By the time the Orange Bowl kicked off, everyone knew third-ranked Alabama had lost. Georgia was ranked #2 in playing in the Sugar Bowl at the same time. It turns out, the Bulldogs would also lose.
There’s nothing saying for sure that Nebraska would have vaulted to #1 with a win—Texas was also in the discussion—and the Cornhuskers’ two defeats would surely have come under greater scrutiny. But a championship was definitely in play for both teams, not just Clemson.
Nebraska seemed to have control of the line of the scrimmage in the early going, but two drives inside the 30-yard line ended with lost fumbles. Meanwhile, Clemson put it on the ground three times for the game, but recovered each one. The breaks were going Clemson’s way, and eventually the flow of play did too.
It was a 75-yard drive in the third quarter that was the decisive blow. Jordan found Tuttle near the pylon for the touchdown pass that finished the drive and put Clemson in control. They held on to win 22-15 and college football’s chaotic season had ended with a Cinderella national champion.
The 1981 Orange Bowl offered a rematch, as Oklahoma met Florida State in Miami for the second straight season. And this time the sequel was much better than the original—after OU won decisively the prior year, this time the Sooners had to go down to the bitter end to win a classic game. Let’s look back on how OU and FSU came to arrive in South Beach on New Year’s Day of 1981.
Oklahoma was ranked #5 to open the 1980 college football season and had won or shared the Big Eight title each of the last four years, with the only serious competition coming from Nebraska. The Sooners weren’t quite as good defensively this year though. They normally produced dominating Ds, but this season slipped to 45th in the country and lacked All-American talent.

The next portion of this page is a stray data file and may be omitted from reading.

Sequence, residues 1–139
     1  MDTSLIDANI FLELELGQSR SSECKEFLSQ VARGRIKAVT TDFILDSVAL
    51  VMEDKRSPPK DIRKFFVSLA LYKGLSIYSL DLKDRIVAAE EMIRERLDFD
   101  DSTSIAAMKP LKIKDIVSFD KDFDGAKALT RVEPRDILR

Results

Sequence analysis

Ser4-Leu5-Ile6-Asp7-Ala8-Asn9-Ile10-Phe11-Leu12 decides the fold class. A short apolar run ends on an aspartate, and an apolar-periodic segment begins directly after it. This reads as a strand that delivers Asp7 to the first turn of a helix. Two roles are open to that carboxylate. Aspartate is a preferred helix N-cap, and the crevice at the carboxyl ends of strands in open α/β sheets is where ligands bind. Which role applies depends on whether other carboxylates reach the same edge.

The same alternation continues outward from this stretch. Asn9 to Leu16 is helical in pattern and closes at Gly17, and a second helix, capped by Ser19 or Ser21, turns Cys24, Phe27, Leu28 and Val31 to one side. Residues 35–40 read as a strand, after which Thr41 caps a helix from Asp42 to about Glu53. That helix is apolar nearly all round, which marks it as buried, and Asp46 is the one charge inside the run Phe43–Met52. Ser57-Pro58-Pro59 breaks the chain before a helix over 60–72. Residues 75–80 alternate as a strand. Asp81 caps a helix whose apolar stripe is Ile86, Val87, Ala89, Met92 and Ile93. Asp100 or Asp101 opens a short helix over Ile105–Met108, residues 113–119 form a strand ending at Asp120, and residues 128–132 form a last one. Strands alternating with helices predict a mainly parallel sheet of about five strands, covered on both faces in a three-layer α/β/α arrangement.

Nor did the Sooners throw the ball effectively, or barely at all. J.C. Watts threw ten interceptions in spite of attempting only 78 passes all season. What Oklahoma could do was run the wishbone option attack like nobody’s business.
The three-back set was balanced, and Stanley Wilson, David Overstreet and Buster Rhymes all finished with over 600 yards, as did Watts. The four players were in the top ten of the Big Eight in rushing and they ran behind an offensive line anchored by a pair of All-American guards, Louise Oubre and Terry Crouch.
After a season-opening win over lowly Kentucky, OU’s defensive problems were exposed. They hosted Stanford who had this talented sophomore quarterback named John Elway. The Cards were unranked and surprised everyone with a decisive 31-14 win. Oklahoma dropped to #12. The defense looked even worse the following week at awful Colorado, but the offense absolutely exploded in an 82-42 win.
The annual rivalry battle with Texas was up next—in the college football world prior to 1996, this was a non-conference game, with the Longhorns in the old Southwest Conference. Texas was ranked third in the country and while they would eventually fade, it didn’t happen in this game. Oklahoma lost 20-13 and slid to #17. The national title hopes were gone.
Barry Switzer’s team got back on track with wins over Kansas State and Iowa State, and then welcomed sixth-ranked North Carolina to Norman. For the second time in 1980, the Sooners would face a future NFL great. This time it was outside linebacker Lawrence Taylor. But this time, the result was much different.
The Oklahoma running game got cranking, and blasted out 495 yards. Watts ran for 139. The game was close at the half, with the Sooners up 14-7, but a trio of third-quarter touchdowns blew it open. Watts didn’t complete a pass, going 0-for-2, but he didn’t need to in a 41-7 romp.
The Sooners struggled at mediocre Kansas, winning 21-19, though the victory moved them back into the Top 10. They again survived against a pretty good Missouri team, winning 17-7. In spite of the losses, Oklahoma hadn’t lost within the Big Eight and that meant their November 22 trip to #4 Nebraska was for an outright conference championship and the Orange Bowl bid that came with it.